Continuing on from the above recipe to mark missing values, you can remove missing values as follows:

1. Click the “Choose” button for the Filter and select RemoveWithValues, it us under unsupervized.instance.RemoveWithValues.

Weka Select RemoveWithValues Data Filter

Weka Select RemoveWithValues Data Filter

2. Click on the filter to configure it.

3. Set the attributeIndicies to 6, the index of the mass attribute.

4. Set matchMissingValues to “True”.

5. Click the “OK” button to use the configuration for the filter.

6. Click the “Apply” button to apply the filter.

Click “mass” in the “attributes” section and review the details of the “selected attribute”.

Notice that the 11 attribute values that were marked Missing have been removed from the dataset.

Weka Missing Values Removed

Weka Missing Values Removed

Note, you can undo this operation by clicking the “Undo” button.

Impute Missing Values

Instances with missing values do not have to be removed, you can replace the missing values with some other value.

This is called imputing missing values.

It is common to impute missing values with the mean of the numerical distribution. You can do this easily in Weka using the ReplaceMissingValues filter.

Continuing on from the first recipe above to mark missing values, you can impute the missing values as follows:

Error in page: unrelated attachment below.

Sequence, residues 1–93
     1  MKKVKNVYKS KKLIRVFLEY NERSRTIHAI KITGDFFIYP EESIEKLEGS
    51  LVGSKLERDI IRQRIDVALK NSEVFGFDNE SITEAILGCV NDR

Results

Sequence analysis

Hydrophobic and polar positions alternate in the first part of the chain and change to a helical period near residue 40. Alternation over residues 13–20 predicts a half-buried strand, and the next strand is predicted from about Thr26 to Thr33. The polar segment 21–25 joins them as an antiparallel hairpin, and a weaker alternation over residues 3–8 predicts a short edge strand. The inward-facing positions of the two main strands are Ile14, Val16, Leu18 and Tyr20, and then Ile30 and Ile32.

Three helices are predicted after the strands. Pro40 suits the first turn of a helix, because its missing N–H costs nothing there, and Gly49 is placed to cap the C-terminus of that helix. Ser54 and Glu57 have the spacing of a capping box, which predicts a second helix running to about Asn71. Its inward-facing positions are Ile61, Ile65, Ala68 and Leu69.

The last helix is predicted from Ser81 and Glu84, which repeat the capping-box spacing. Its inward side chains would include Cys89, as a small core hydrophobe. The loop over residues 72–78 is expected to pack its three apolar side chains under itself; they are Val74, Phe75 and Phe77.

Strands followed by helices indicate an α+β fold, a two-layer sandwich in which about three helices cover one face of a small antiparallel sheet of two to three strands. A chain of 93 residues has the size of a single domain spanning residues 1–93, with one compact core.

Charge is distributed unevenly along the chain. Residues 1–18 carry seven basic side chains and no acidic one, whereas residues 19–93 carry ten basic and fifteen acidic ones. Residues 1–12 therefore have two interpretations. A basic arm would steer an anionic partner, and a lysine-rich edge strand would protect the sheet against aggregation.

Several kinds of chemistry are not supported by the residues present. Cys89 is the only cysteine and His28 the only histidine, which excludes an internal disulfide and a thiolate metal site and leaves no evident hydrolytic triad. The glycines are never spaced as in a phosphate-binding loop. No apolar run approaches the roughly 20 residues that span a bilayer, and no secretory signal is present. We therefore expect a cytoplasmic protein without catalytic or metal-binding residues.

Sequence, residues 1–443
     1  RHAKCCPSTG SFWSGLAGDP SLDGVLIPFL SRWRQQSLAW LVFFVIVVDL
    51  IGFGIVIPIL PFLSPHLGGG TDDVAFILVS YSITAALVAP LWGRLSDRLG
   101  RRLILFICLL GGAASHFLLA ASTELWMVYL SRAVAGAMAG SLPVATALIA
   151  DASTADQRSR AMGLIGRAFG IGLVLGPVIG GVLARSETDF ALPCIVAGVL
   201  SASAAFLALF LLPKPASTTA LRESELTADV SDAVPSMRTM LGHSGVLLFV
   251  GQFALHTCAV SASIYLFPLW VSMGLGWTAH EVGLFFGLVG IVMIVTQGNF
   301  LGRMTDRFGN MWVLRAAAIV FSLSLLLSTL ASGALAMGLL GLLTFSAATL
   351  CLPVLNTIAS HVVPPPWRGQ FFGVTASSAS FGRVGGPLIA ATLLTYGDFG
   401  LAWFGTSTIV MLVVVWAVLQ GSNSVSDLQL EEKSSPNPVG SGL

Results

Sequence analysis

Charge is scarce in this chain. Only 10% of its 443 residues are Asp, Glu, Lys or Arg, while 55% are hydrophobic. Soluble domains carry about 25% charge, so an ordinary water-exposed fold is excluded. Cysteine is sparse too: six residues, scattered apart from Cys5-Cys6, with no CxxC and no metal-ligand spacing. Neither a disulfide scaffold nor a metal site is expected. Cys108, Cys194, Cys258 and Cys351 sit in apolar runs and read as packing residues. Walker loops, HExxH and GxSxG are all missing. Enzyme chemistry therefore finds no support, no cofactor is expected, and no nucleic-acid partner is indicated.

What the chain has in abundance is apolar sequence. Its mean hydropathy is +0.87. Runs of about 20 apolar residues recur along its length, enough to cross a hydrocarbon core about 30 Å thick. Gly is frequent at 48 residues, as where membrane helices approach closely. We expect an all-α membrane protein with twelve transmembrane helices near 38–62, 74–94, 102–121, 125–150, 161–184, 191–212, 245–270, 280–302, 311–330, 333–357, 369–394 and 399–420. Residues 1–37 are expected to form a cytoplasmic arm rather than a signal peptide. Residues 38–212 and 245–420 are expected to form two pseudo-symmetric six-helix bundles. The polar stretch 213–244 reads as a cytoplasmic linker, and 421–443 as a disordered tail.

1. Click the “Choose” button for the Filter and select ReplaceMissingValues, it us under unsupervized.attribute.ReplaceMissingValues.

Weka ReplaceMissingValues Data Filter

Weka ReplaceMissingValues Data Filter

2. Click the “Apply” button to apply the filter to your dataset.

Click “mass” in the “attributes” section and review the details of the “selected attribute”.

Notice that the 11 attribute values that were marked Missing have been set to the mean value of the distribution.

Weka Imputed Values

Weka Imputed Values

Summary

In this post you discovered how you can handle missing data in your machine learning dataset using Weka.

Specifically, you learned:

  • How to mark corrupt values as missing in your dataset.
  • How to remove instances with missing values from your dataset.
  • How to impute mean values for missing values in your dataset.

Do you have any questions about missing data or about this tutorial? Ask your questions in the comments below and I will do my best to answer.

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4 Responses to How To Handle Missing Values In Machine Learning Data With Weka

  1. Ramesh September 6, 2016 at 4:54 pm #

    I am to ask a question when the data having missing numeric values(blank) is subjected to classification say Multilayer Perceptron, what value is taken for calculation by the WEKA.

    • Jason Brownlee September 7, 2016 at 10:25 am #

      Hi Ramesh, you can pre-process your data to impute missing values with a mean or other constant value.

  2. Enrique Ortega October 18, 2016 at 8:16 am #

    Hi, thank you for your instructions. Now that I have removed the instances with a particular missing attribute value, I would like to train with the remaining data to predict the missing values I just removed, how do I do that?

    • Jason Brownlee October 19, 2016 at 9:06 am #

      Hi Enrique, my best advice would be to save a copy of your transformed dataset.

      You can then load it in the future and use it in your Exploration and Experiments.